De-risking DB pension schemes

John Towner explains how sponsoring companies are increasing the affordability of buy-ins and buyouts.

Over the past ten years companies have put on the order of £150 billion into their respective schemes to plug deficits. This is a number that is roughly equivalent to one year’s profits of the FTSE 100. Today there are still £2 trillion of DB pension liabilities sitting on companies’ balance sheets in the UK.

Despite this apparent lack of progress, sponsoring companies continue to take steps to address their pension obligations. In addition to making significant cash contributions, many companies have worked with their trustee boards to manage down risk and have increasingly closed their schemes to new members and future accrual. The Purple Book 2017 reported that 86% of the 5,588 pension schemes in the UK are now closed to either new entrants or future accrual.

When a pension scheme closes to new accrual, this is often the moment that the scheme truly becomes a legacy issue for the sponsoring company, as it shifts from being a recruitment or retention tool to being more of a financial management exercise. As this occurs, control and management of the pension scheme often shifts from the HR department to the corporate treasury.

While the ultimate goal for many corporate treasuries will be to transfer these legacy DB obligations to an insurance company, we frequently hear companies say that a buy-in or buyout is an unachievable aim. Many companies' - and indeed trustees' - expectations of the cost of a buy-in or buyout are often anchored around the scheme actuary's solvency estimate and it is important to recognise that this figure is exactly that - an estimate.

Our experience has been that the actual cost of a buy-in or buyout can be significantly less than anticipated. In fact, transactions, such as automotive safety firm TRW's £2.5bn partial buyout, have demonstrated that in addition to thorough preparation, such as ensuring membership data is up-to-date, companies and trustees can take a more dynamic approach to increase affordability further.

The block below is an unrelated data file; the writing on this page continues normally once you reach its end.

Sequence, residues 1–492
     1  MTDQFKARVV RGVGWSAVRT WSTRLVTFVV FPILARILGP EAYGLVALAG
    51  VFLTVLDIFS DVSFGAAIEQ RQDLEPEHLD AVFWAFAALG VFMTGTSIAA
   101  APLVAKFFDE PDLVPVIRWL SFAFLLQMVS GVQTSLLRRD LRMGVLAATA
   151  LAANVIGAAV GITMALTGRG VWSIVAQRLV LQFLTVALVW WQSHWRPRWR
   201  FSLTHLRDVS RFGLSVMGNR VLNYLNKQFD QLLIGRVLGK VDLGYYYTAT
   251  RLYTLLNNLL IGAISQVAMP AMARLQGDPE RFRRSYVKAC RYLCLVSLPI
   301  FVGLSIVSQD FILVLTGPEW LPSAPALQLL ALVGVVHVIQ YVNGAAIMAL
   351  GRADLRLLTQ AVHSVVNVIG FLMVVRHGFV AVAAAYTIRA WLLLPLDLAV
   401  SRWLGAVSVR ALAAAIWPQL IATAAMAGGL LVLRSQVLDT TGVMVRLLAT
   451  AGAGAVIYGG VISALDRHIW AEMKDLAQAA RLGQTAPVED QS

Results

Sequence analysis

Phased buy-ins

Although the traditional view of the route to buyout is of a smooth increase in the scheme's funding level to the point at which a buyout becomes affordable, the journey, in reality, is often more volatile.

The upside of this volatility is that opportunities may present themselves over time as scheme assets increase in value relative to insurer pricing, which opportunistic schemes can capture by putting in place a buy-in covering a proportion of the liabilities. Rather than waiting to transfer all of the risk to an insurance company at a single point in time, this approach enables companies to take risk off the table gradually, in line with the scheme's journey plan.

Liability management

Increasing numbers of companies are running liability management exercises, such as transfer value or pension increase exchange offers, in conjunction with a buy-in or buyout project. Through these exercises, the scheme is able to offer members greater choice and flexibility in how they take their pensions, while reshaping the scheme's benefit obligations in preparation for transfer to an insurance company. Companies that have schemes with more complex benefit structures are adopting this approach more frequently both to increase affordability and transfer a larger proportion of their liabilities to an insurance company than they otherwise could.

These are just a few examples of how insurers are helping sponsoring companies and trustees achieve and accelerate their de-risking plans.

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John Towner

Article written by:

John Towner

Head of Origination

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